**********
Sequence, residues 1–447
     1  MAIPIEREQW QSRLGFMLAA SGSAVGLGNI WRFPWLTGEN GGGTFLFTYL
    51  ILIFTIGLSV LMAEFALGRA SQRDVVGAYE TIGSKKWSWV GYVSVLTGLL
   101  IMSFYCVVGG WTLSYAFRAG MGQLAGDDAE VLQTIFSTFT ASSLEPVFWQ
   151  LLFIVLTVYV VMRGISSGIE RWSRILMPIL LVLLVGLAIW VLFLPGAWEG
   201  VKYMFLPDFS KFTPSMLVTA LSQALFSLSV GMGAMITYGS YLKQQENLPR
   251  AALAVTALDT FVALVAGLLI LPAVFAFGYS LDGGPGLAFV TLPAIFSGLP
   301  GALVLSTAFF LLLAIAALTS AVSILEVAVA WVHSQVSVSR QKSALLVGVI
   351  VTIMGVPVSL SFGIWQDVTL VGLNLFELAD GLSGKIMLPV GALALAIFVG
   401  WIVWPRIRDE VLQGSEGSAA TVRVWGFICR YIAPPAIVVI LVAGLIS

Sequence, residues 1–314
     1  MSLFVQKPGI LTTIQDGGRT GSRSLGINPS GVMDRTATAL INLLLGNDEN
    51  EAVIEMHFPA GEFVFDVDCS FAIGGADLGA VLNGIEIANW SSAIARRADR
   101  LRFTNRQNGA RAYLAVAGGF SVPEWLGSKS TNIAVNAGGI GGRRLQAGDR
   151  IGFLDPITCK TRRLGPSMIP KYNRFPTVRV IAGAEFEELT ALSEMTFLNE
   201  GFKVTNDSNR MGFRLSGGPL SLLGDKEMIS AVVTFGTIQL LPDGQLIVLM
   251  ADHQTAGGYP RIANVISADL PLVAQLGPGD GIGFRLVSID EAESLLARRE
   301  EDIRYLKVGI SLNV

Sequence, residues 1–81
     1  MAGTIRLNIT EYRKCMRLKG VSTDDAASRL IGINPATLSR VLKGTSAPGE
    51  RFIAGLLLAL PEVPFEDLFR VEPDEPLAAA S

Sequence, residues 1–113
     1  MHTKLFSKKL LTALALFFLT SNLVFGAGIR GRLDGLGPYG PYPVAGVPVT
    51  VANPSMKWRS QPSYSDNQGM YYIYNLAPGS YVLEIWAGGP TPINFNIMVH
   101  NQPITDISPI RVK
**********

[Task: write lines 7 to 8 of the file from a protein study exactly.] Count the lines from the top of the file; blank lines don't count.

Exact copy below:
   251  AALAVTALDT FVALVAGLLI LPAVFAFGYS LDGGPGLAFV TLPAIFSGLP
   301  GALVLSTAFF LLLAIAALTS AVSILEVAVA WVHSQVSVSR QKSALLVGVI